We headed out around 9 and it was pretty nerve racking. All of the stuff you hear about is true; burned out cars, roadside memorials, and Mexican Federal police and soldiers everywhere with the biggest guns you've ever seen. Chip explained that whether we were searched, and how thoroughly, depended on the mood of the soldiers, and how long they had been on duty that shift. Apparently they are less concerned with searches as the day wears on, and looking at them standing in the dust and heat wearing full battle gear and bullet-proof vests I can understand their position. They stand all day in 100 degree heat, searching for narco gangsters who want them dead, and the best possible outcome is that they don't get shot or blown up and get to do the same thing tomorrow. So, they were brusque, but treated us remarkably well considering their situation. I really admire these police and soldiers, as they are risking their lives to protect people from gangs - gangs who would gladly pay them ten times their salary to switch sides. We went through four checkpoints and were searched at three of them. We didn't really fit the profile of narcos, but the guns coming south from the U.S. provide fuel for the war, so they wanted to be sure we weren't gun runners. Each checkpoint was different, which was intimidating because we could never be sure if they were real until we were already in. At one, everyone was wearing full battle gear and face masks, which made them even more intimidating. One common presence was guns. AR-15's, MP5's, .50caliber machine guns on trucks, etc. At any point in a checkpoint, you could be shot by probably 20 soldiers simultaneously, which, ironically, is a very good thing. Because of all of the firepower we didn't see anyone who looked troublesome all day, but there wasn't much other traffic and we moved along as quickly as possible. We rode right past San Fernando, and it didn't look any different than any of the other dusty little towns along the route. The roads were quite good two lane highways, and fairly straight. We had hoped to take pay highways, but there weren't any on our route. I know that none of this is what anyone wants to hear, and I apologize, but it's the truth, and now that we're in Boca del Rio it's all behind us, so there is no reason to be worried now. Being in constant contact with Chip via helmet radio was crucial, and without his support, guidance and fluency in Spanish it would have been a long and terrifying day. Thanks again Chip!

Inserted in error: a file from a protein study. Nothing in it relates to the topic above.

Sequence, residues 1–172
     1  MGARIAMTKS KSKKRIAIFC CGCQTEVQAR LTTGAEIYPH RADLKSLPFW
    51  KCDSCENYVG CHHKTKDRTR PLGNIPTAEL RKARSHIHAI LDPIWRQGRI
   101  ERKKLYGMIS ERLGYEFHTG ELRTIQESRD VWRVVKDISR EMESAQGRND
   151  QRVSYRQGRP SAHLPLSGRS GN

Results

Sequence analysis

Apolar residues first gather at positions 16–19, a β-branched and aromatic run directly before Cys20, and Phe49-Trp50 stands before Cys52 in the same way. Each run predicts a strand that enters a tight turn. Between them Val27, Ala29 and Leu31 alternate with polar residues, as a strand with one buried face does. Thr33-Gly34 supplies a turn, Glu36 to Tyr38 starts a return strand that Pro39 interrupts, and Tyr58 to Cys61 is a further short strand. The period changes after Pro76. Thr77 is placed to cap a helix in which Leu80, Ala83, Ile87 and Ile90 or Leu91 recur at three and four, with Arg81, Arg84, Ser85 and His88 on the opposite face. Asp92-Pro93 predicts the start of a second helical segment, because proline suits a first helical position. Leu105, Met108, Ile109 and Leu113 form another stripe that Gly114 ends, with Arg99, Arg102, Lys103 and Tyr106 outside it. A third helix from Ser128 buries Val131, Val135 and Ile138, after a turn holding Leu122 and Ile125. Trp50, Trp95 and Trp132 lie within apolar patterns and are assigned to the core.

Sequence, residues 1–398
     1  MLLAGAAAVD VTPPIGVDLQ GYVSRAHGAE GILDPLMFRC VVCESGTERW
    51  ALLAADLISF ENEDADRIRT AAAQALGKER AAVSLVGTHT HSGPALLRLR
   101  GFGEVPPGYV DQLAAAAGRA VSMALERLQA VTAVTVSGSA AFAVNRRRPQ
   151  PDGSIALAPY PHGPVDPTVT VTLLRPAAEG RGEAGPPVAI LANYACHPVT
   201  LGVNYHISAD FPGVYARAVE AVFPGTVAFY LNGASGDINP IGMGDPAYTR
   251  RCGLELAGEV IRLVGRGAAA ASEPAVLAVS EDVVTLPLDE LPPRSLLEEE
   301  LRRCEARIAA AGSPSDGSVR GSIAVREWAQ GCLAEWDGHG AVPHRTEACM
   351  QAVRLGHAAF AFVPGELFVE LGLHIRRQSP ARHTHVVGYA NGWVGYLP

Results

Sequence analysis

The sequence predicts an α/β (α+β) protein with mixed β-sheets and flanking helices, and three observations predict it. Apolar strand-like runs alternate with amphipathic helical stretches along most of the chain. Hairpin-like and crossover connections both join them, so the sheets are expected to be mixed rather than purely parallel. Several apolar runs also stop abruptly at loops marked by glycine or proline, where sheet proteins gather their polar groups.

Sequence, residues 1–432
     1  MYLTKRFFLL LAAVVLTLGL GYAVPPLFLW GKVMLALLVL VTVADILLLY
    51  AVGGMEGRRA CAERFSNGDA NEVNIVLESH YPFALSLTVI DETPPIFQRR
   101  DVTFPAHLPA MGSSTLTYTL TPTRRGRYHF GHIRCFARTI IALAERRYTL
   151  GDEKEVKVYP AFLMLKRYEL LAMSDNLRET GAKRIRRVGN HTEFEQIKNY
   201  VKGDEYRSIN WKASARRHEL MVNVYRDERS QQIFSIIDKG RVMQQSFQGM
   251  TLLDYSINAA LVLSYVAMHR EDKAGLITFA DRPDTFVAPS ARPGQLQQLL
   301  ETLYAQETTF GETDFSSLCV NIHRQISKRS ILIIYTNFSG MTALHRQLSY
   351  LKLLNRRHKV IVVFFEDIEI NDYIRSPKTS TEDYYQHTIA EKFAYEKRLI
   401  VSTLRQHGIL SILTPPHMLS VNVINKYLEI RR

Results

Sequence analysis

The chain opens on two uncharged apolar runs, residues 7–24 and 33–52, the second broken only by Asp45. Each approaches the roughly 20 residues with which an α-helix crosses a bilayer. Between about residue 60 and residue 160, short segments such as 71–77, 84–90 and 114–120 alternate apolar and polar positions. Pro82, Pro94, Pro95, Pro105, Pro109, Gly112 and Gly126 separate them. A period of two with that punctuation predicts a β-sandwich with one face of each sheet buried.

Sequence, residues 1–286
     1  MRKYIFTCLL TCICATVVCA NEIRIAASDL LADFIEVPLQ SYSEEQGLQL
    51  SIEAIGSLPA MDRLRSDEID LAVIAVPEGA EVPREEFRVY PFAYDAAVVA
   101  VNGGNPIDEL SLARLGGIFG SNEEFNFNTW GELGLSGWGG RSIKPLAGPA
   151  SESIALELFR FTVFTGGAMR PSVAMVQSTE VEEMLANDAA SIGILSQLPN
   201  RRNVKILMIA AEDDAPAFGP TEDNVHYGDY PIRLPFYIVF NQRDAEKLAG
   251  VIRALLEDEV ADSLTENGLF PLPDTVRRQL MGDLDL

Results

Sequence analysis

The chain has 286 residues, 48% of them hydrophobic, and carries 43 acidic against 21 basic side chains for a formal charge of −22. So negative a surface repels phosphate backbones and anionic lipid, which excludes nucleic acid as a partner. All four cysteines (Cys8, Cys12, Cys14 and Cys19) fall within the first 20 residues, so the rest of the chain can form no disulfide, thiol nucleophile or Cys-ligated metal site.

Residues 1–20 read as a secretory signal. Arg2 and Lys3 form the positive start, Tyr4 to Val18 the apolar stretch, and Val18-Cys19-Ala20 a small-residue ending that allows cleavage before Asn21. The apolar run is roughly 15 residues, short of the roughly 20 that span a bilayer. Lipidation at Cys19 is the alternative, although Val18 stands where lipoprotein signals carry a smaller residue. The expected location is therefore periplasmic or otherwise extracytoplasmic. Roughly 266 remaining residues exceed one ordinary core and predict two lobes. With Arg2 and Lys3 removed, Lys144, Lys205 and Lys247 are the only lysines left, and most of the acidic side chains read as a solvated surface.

|Fueling up near on Highway 101 near San Fernando, eerily quiet but not terrifying.|
So, we got to Tampico and Chip warned me to watch for cars marked "Transito"' which are the local traffic cops everyone always mentions bribing. Five minutes after he mentioned them we got pulled over by a Transito on a V-Strom like ours. He told us that, in Tampico, motorcycles are only allowed in the far right lane - while locals on bikes sped by in all three lanes. Luckily he was interested in the fact that Chip is a soldier, and I was riding a V-Strom, so we talked for a while and eventually he gave Chip his number to call if we had any other problems. No bribe! We pulled back out, and Chip saw a cute girl get into a cab, which then went to the far left lane. He decided to go over and check her out (that's Chip), and a cop car pulled up behind us and waved us over. These guys were older, and there is no polite way to describe their attitude. They made us follow them onto a side road, and then condescendingly lectured us about the same made up law. Chip wanted to call the other cop, but they wouldn't let him, so Chip showed him the pictures we took with the first cops five minutes ago. He didn't care, and made it clear that it would cost us 200 pesos to leave. Chip paid him and we were off again.
We headed for the beach area to find a hotel, and it was all kind of sketchy other than one place, so we pulled in the courtyard to find 10 Federal Police trucks, sandbag bunkers, and an armored guardpost. This hotel is their headquarters while they work security in the surrounding towns, so it was guarded like a fortress. Weird, but good. We checked in, hung out with the Federales for a while, and were surprised to see how interested they were in our riding gear and navigation equipment. These guys are fighting the most ruthless gang on the continent, and they wish they had GPS' as nice as ours. It was hard not to feel a bit stupid and spoiled, and was further evidence of the dedication these men have to their country. We went down to the beach at dusk, and met some locals who were hanging out there. After a few beers and some half English - half Spanish conversation we headed back to the hotel to rest up for the ride to Veracruz. We went into our room, where, out our window, we could see the heavily armed police standing guard at the gates, where they would be all night while we rested up for our vacation. The world will never really make sense to me.
|Hotel Security courtesy of the Federales - some of the nicest guys I've ever met. There were probably 50 more around.|
We need to head out for today's ride right now, so I'll post the report on Tampico to Veracruz next time we have a chance. Spoiler alert - we made it!